Tennessee's new law allowing people with handgun permits to be armed in bars and restaurants that serve alcohol is unconstitutionally vague, a judge ruled on Friday.
Chancellor Claudia Bonnyman said the law, enacted earlier this year over the veto of Gov. Phil Bredesen, is "fraught with ambiguity."
She ruled after an hour of arguments in a lawsuit brought by a group of plaintiffs, many of them restaurant owners. More than 257,000 people have handgun carry permits in Tennessee.
Tennessee previously banned handguns in all locations where alcohol was served. The new law made an exception for establishments that serve at least one meal on five days per week and that "the serving of such meals shall be the principal business conducted." Tennessee has no legal definition to distinguish bars from restaurants.
Plaintiffs' attorneys argued that it would be difficult for patrons to know what restaurants met the exceptions, which would put them at risk of breaking the law.
"What citizen could ever know that?" attorney David Raybin asked during the hearing. "It's criminal if you make the wrong choice."
However, Assistant Attorney General Lyndsay Fuller Sanders said patrons who have concerns "can just ask."
"Common sense should not be thrown out the window," Sanders said.
But Bonnyman eventually ruled that language in the current law is "unfairly vague."
Sharon Curtis-Flair, a spokeswoman for the state attorney general's office, said attorneys will study the opinion and decide whether to appeal.
Rep. Curry Todd, a main sponsor of the measure, said he hadn't seen the ruling but said he will ask the state to appeal. The Collierville Republican said he plans to "re-pass" legislation in January to fix any legal problems.
Plaintiffs' attorney David Randolph Smith said Bonnyman's ruling will stand unless overturned by an appeals court or the Tennessee Supreme Court. However, he said the state Legislature could pass a new law.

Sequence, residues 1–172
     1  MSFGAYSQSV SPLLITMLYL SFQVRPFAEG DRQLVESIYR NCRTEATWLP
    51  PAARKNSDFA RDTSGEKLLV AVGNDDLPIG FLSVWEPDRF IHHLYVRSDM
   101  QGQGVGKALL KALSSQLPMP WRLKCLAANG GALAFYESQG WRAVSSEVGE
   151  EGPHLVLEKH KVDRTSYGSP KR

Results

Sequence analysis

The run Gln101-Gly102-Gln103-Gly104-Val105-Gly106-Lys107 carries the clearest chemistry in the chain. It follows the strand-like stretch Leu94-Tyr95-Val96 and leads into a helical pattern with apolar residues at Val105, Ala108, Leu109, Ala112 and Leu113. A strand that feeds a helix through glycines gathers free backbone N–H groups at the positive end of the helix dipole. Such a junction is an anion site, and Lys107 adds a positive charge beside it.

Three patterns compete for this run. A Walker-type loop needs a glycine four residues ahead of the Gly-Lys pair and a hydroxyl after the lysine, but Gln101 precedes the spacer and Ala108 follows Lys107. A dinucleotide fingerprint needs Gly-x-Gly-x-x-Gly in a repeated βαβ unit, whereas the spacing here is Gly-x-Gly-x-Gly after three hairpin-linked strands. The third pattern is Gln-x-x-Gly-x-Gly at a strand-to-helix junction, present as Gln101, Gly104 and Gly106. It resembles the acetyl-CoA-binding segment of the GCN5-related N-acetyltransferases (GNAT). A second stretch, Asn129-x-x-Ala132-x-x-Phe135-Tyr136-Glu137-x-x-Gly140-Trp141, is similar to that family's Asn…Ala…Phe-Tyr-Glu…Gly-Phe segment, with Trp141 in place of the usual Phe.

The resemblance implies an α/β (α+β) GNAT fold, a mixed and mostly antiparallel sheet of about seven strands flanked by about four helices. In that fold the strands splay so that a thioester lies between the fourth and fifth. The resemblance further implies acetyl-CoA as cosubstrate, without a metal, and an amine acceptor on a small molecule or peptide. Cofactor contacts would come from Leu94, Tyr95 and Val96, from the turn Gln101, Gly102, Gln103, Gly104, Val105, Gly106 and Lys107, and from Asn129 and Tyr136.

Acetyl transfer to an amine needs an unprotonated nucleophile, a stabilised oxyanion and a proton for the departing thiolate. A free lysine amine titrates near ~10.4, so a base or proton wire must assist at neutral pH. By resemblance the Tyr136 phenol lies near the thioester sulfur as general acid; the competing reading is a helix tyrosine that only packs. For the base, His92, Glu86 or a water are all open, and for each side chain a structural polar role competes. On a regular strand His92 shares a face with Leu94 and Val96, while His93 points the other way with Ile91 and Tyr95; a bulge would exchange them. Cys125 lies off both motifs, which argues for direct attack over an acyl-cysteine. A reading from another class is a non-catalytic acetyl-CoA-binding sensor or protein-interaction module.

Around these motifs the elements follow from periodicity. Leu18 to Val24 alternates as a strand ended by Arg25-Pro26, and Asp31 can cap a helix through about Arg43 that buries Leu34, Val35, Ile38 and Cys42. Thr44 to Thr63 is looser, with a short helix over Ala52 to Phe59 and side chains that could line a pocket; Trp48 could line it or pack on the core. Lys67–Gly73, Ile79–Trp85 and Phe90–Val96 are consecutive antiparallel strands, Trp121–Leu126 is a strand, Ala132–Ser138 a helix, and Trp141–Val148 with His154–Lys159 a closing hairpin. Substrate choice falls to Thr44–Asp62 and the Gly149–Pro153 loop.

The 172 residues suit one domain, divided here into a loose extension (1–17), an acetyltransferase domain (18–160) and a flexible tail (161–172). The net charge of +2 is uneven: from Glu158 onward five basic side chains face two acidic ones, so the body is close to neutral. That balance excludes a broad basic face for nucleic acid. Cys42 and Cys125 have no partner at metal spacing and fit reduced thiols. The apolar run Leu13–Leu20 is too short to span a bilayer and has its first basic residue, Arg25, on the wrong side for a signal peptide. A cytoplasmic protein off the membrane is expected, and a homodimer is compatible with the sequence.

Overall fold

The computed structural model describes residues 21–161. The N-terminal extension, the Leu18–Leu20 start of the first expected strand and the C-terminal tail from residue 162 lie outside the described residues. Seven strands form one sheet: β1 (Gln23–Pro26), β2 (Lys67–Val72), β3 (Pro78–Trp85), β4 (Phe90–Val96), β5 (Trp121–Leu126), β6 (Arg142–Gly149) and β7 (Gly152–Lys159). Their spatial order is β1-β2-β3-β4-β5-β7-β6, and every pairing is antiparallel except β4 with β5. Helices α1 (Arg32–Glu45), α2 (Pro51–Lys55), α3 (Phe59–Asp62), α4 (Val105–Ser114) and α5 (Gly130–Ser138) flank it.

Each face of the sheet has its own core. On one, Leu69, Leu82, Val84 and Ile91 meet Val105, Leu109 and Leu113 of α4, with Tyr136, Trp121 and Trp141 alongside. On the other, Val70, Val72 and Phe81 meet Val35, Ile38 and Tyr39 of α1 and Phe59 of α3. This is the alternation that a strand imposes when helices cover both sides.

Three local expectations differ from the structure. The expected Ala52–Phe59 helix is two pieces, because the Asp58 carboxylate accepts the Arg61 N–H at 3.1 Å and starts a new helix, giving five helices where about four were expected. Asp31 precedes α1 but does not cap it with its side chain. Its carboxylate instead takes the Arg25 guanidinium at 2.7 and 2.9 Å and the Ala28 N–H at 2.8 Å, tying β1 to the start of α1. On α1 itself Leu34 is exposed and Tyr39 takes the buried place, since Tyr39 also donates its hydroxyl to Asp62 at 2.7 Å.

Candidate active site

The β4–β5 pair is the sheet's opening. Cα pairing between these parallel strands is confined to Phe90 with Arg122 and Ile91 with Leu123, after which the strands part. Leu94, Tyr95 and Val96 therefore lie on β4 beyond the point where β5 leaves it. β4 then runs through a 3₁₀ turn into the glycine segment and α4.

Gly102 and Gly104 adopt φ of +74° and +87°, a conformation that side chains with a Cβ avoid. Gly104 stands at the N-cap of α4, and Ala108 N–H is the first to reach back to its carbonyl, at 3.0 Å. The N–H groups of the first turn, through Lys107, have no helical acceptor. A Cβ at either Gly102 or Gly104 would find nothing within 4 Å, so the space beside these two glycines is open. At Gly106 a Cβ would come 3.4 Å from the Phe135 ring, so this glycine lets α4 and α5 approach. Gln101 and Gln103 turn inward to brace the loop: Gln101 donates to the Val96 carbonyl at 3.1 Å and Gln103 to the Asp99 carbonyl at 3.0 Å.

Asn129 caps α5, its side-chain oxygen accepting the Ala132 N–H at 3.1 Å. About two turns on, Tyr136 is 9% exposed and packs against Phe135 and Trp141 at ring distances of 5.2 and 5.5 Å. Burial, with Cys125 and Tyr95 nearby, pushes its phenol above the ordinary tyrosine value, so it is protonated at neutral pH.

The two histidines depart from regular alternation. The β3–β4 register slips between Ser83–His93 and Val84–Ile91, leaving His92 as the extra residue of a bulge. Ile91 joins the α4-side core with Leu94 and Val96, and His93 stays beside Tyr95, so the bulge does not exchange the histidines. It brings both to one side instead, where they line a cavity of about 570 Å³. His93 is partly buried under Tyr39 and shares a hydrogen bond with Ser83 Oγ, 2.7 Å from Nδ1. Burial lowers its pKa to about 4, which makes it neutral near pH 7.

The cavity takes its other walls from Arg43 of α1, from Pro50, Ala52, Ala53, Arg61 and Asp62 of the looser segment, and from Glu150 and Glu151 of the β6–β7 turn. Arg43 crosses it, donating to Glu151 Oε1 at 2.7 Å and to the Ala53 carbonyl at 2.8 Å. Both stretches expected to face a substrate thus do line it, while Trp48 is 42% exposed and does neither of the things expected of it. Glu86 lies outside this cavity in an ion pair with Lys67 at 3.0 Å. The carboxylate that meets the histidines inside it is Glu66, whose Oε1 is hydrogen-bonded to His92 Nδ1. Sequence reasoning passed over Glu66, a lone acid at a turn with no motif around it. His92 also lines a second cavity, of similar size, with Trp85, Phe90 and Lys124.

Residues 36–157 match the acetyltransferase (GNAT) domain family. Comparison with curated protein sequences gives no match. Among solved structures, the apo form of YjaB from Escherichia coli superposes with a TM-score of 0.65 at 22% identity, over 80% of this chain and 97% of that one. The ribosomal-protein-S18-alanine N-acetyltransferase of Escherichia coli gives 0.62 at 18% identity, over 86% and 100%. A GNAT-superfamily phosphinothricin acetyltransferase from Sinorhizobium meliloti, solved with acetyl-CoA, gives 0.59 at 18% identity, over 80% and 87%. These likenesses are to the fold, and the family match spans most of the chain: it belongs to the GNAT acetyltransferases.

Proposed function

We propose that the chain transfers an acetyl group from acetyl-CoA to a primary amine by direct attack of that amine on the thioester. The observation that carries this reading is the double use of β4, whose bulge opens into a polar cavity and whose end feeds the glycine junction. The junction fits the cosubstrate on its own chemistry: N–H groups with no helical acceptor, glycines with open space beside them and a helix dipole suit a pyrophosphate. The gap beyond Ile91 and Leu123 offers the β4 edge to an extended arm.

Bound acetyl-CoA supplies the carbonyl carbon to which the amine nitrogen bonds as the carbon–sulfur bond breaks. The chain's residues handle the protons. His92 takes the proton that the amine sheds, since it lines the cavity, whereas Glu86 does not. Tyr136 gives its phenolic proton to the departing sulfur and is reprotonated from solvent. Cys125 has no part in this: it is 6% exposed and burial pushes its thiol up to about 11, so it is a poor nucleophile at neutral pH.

"But then that would create a new debate," Smith said.
Sen. Doug Jackson, D-Dickson and the chief Senate sponsor, said he expects the law to be restored either through appeals or through legislation.
"I anticipate the first of next week you're going to see legislation filed and we'll establish a clear standard," he said.
Bredesen said his decision to veto the law "was not a long decision-making process" and he may do it again if it doesn't address concerns he has about the legislation.
"I've done it once, I certainly feel capable of doing it a second, a third and a fourth time," he said.
Tennessee's new law took effect July 14. Thirty-seven states had similar legislation at the time.
Many restaurants across the state opted out of the law under a provision allowing them to do so. The legislation retained an existing ban on consuming alcohol while carrying a handgun.
Randy Rayburn, who owns three Nashville restaurants, said the judge's ruling is mainly a victory for Tennessee residents who "are opposed to this law because it is vague ... and defies common sense."
Nevertheless, critics complained that guns and alcohol in close proximity are a dangerous combination.
"In the Wild West days of Dodge City you had to check your guns at the town limit, so you would think in the 21st century common sense would tell us we should not allow guns in bars," said Senate Democratic Leader Jim Kyle of Memphis, who is running for governor.
Records show 607 people had their permits revoked or suspended last year. Revocations are issued for felony convictions, while permits can be suspended for pending criminal charges or for protection in domestic abuse cases.
Associated Press Writer Erik Schelzig contributed to this report.